So, after holding open the heavy doors for us, he strode off down town, the bright smile still lingering about his eyes, while we retraced our steps to the shop we had visited early that morning, and then down again to a jeweller’s. The result was a dress pattern of soft black silk, brocaded with a small leafy design, a graceful lace-edged, muslin fichu, and an onyx bar pin upon which three butterflies were outlined by tiny pearls.
“Isn’t he a dear fellow?” asked Miss Lavinia, apparently of a big gray truck horse that blocked the way as we waited at the last crossing before reaching home. And I replied, “He certainly is,” with rash but unshakable feminine conviction.
Sylvia came that afternoon well before dark, a trim footman following from the brougham with her suitcase and an enormous box of forced early spring flowers, hyacinths, narcissi, tulips, English primroses, lilies-of-the-valley, white lilacs, and some yellow wands of Forsythia, “with Mrs. Latham’s compliments to Miss Dorman.”
“What luxury!” exclaimed Miss Lavinia, turning out the flowers upon the table in the tea room where she kept her window garden, “and how pale and spindling my poor posies look in comparison. Are these from the Bluffs?”
“Oh no, from Newport,” replied Sylvia. “There is to be no glass at the Bluffs, only an outdoor garden, mamma says, that will not be too much trouble to keep up. Mrs. Jenks-Smith was dining at the house last night, and told me what a lovely garden you have, Mrs. Evan, and I thought perhaps, if we do not go to California to meet father, but go to Oaklands early in April, you might be good enough to come up and talk my garden over with me. The landscape architect has, I believe, made a plan for the beds and walks about the house, but I am to have an acre or two of ground on the opposite side of the highway quite to myself.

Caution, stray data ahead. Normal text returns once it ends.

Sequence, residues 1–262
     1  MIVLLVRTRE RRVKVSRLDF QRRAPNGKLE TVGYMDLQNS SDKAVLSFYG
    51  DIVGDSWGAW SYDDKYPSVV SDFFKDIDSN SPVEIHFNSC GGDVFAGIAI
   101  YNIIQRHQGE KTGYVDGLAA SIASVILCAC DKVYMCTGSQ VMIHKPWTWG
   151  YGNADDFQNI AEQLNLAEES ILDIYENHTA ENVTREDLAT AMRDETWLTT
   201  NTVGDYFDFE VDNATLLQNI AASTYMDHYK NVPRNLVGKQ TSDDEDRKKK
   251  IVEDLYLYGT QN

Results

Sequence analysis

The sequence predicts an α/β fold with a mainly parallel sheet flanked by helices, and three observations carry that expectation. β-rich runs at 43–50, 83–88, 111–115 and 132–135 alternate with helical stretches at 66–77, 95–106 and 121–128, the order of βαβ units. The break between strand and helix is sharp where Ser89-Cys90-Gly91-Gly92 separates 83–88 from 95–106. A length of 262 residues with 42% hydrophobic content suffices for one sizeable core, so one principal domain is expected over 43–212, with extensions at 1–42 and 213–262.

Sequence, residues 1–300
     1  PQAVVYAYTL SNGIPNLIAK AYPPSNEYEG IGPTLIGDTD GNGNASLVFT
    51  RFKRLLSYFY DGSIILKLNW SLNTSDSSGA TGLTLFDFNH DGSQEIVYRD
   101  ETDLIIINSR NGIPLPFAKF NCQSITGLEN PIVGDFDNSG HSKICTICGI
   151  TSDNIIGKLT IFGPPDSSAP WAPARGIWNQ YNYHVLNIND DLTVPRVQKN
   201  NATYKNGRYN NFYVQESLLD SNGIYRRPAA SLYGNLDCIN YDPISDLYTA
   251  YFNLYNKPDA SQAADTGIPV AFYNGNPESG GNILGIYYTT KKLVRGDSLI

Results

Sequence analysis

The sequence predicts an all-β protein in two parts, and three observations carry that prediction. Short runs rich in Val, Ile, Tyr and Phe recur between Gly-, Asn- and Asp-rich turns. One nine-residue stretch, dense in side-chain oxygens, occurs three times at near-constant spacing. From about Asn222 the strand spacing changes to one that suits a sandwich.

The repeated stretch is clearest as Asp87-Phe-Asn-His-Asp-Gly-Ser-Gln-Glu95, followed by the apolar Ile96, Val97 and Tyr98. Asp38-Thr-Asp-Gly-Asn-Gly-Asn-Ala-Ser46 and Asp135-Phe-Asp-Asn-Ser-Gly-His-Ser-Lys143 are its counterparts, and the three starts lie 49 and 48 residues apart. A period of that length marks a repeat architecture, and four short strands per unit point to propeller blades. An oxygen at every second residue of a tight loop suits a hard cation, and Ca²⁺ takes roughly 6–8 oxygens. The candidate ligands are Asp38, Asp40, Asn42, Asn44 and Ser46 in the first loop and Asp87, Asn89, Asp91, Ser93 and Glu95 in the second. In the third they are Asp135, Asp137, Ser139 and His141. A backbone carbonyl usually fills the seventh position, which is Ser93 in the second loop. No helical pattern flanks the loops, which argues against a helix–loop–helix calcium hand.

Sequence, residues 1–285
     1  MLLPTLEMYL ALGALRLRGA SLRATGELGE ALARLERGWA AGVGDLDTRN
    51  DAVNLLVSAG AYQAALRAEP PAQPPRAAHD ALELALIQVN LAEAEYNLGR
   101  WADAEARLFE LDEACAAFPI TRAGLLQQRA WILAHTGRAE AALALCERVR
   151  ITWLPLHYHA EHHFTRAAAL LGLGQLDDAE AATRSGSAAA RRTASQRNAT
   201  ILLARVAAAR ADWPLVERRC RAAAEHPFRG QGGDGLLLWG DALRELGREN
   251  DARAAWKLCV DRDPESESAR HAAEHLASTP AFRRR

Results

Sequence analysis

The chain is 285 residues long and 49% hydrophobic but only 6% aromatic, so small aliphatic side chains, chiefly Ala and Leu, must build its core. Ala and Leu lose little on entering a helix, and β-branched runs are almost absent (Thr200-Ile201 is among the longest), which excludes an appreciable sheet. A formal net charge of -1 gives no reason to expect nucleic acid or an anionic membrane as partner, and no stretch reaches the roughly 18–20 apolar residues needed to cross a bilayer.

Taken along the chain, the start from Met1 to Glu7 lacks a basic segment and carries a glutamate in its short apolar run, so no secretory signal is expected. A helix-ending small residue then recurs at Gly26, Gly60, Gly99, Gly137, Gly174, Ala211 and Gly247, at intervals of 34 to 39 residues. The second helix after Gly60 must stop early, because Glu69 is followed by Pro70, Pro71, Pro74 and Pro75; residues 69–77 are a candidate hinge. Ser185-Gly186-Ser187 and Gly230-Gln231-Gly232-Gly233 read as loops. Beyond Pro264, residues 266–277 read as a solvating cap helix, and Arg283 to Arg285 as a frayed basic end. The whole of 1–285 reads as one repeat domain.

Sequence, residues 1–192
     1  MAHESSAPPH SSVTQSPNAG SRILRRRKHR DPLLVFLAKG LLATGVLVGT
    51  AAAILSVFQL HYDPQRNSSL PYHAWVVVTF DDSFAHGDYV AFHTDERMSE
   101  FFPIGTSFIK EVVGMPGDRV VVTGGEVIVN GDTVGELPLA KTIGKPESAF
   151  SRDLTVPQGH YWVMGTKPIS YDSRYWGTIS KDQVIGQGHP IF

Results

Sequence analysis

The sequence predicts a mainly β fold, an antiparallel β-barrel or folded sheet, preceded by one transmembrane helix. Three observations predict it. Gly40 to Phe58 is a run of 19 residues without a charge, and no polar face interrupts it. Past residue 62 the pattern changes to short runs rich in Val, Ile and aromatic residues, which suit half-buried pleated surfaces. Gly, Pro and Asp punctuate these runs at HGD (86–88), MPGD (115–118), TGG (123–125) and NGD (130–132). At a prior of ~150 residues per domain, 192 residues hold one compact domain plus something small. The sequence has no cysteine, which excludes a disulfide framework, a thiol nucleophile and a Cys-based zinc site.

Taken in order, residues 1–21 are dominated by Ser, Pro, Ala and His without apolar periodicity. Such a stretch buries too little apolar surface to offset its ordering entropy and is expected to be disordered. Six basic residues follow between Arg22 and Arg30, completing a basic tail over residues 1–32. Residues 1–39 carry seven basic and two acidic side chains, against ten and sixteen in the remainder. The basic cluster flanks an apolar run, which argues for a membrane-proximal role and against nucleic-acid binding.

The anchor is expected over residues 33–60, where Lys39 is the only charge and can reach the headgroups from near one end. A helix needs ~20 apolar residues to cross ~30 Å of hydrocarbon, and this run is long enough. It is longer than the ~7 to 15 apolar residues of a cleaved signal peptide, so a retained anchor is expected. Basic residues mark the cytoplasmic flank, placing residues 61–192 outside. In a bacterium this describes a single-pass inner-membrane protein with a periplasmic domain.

“Oh, please don’t squeeze those tulips into the tight high vases, Aunt Lavinia,” she said, going behind that lady and giving her a hug with one arm, while she rescued the tulips with the other hand; for Miss Lavinia, feeling hurried and embarrassed by the quantity of flowers, was jumbling them at random into very unsuitable receptacles.
“May I arrange the dinner table,” Sylvia begged, “like a Dutch garden, with a path all around, beds in the corners, and those dear little silver jugs and the candlesticks for a bower in the middle?
“A month ago,” she continued, as she surveyed the table at a glance and began to work with charming enthusiasm, “mamma was giving a very particular dinner. She had told the gardener to send on all the flowers that could possibly be cut, so that there were four great hampers full; but owing to some mistake Darley, the florist, who always comes to decorate the rooms, did not appear. We telephoned, and the men flew about, but he could not be found, and